|Comments and Teaching Tips given for Discovering Plate Boundaries||Comment on this resource|
Aug 1, 2007
It might help to have the Plate Boundaries map printed out to the same size as the students' specialty maps - so they can overlay the plate boundaries directly over the specialty maps (by holding both together up to the light, for instance) and to aid in locating the boundaries on the specialty maps. Great exercise!
Aug 1, 2007
The latter part of the activity was a well grounded part in which students used all of the data, but for a smaller area of the globe. However the initial segment, which seems the easiest, was the most difficult for students. It was difficult for many to understand the data on the world maps on such a large scale. I believe this to be true mainly because of the spatial difficulties students exhibit at this age. Therefore, I think the first part needs to be scaffolded to promote less frustration among students.
Aug 1, 2007
I have used Discover Plate Tectonics in two different ways: (a) with the student groups looking at the maps as they clustered around a computer screen and (b) with the maps printed in large scale on paper (as recommended by the resource creator). The level of discussion within the student groups seemed noticeably higher with the paper maps than with maps on computer screen, and the connections that the students were making between the different data types seemed more insightful. We had enough computers so that each group could see 2 data types at once, but that's apparently not as good as seeing all 4 data types at once. Also the dynamic of having many fingers pointing out features of interest at one time on one large map seemed to spur discussion. I thought I could skip the logistical burden of dealing with printing out and archiving all those paper maps, but this short cut turned out to be a mistake pedagogically.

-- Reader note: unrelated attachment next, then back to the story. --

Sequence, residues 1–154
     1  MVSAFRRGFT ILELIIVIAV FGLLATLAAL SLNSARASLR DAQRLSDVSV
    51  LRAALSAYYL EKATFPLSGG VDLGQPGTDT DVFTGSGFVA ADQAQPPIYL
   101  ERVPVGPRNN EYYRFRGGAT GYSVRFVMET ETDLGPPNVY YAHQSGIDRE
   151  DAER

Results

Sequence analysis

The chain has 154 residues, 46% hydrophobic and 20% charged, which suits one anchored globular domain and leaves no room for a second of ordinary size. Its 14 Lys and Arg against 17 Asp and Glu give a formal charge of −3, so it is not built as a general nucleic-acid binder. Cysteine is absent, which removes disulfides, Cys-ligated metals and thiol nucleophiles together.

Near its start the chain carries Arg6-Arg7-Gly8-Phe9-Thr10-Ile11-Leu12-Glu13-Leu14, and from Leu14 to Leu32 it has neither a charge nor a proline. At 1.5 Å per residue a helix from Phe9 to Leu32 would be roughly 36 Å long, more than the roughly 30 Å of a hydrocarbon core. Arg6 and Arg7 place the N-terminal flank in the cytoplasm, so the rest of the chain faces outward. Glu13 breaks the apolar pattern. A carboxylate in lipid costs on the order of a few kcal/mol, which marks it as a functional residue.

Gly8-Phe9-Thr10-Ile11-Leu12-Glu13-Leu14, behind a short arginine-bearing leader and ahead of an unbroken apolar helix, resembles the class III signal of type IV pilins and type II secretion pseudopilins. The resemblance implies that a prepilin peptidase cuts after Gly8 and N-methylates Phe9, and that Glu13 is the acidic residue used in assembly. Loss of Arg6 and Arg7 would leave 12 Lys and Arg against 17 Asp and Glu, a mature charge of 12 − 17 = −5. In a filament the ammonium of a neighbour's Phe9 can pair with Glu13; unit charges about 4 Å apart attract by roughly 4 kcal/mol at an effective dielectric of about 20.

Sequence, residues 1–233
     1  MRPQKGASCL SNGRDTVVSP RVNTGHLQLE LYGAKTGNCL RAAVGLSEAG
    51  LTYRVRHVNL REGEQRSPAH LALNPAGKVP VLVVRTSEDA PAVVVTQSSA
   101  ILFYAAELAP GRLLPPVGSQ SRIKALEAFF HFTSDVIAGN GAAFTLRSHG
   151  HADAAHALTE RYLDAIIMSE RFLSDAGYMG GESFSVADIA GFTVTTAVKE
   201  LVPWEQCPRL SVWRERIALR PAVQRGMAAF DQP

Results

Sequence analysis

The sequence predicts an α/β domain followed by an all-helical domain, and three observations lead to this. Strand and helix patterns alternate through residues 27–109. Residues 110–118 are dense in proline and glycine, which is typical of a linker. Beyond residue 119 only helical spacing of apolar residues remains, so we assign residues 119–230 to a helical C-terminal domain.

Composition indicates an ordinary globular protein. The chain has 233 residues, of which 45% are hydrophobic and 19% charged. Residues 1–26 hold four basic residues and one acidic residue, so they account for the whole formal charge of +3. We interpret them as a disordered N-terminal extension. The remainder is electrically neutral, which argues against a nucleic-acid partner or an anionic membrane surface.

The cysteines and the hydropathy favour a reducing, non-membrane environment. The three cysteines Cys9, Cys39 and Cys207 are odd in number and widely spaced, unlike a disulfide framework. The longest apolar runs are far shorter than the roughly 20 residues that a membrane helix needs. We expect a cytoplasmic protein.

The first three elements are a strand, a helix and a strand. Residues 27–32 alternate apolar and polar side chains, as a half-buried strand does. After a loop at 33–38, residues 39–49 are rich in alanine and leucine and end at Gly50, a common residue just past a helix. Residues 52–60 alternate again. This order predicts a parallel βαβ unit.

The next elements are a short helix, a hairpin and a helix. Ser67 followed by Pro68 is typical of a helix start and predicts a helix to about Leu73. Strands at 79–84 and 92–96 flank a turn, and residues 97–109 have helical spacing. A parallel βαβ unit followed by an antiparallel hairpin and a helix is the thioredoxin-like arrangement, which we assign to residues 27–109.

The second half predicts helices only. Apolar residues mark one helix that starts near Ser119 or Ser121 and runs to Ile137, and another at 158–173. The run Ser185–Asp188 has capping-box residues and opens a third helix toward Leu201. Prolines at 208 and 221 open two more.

Mar 15, 2006
For this lesson to work effectively it helps to have the students practice observing and describing.
Dec 16, 2005
1. Allow the students to view all maps before trying to explain the maps. Always ask for questions first. Start with the map that generates the most questions. 2. Allow the students to use the computer to make power point presentations. 3. On the day of rotation where student groups are rotated around to each map, print enough maps so that each student is able to examine and discuss with other students in the group. That means putting 6-8 copies of each map on different tables. I experimented with expert groups presenting each map to the class, but it was not as successful as the rotation from map to map. 4. Once the group work begins make certain that each group has an entire set of maps for discussion and comparison.
May 29, 2005
There was some difficulty getting started, especially with the first part of the activity. The students felt very frustrated. I had one group of overacheivers who had difficulty with agreeing on what to do. I used this as part of the learning, especially about working as a team. After the first activity, the light appeared to click for everyone in the second part. Everything fell into place and the students had a renewed energy.
Apr 27, 2005
I use the powerpoint slides from the teaching tips provided to show students an example of a completed map. I only do this after they have been observing the maps and have thoroughly READ them. Doing this seems to jumpstart the movement of their observations to their blank maps.
Apr 26, 2005
My students were not clear about that they were to make each boundary of a compound type. They wanted to make a volcano type boundary separate from an earthquake boundary - lines drawn side-by-side. It would have helped to show them example maps, but that would have defeated the purpose. I will make those directions clearer the next time.
Apr 8, 2005
Educators should do the exercise completely themselves to see where students might have problems. This will help lead an exciting lab. I wouldn't recommend your first run be in the classroom.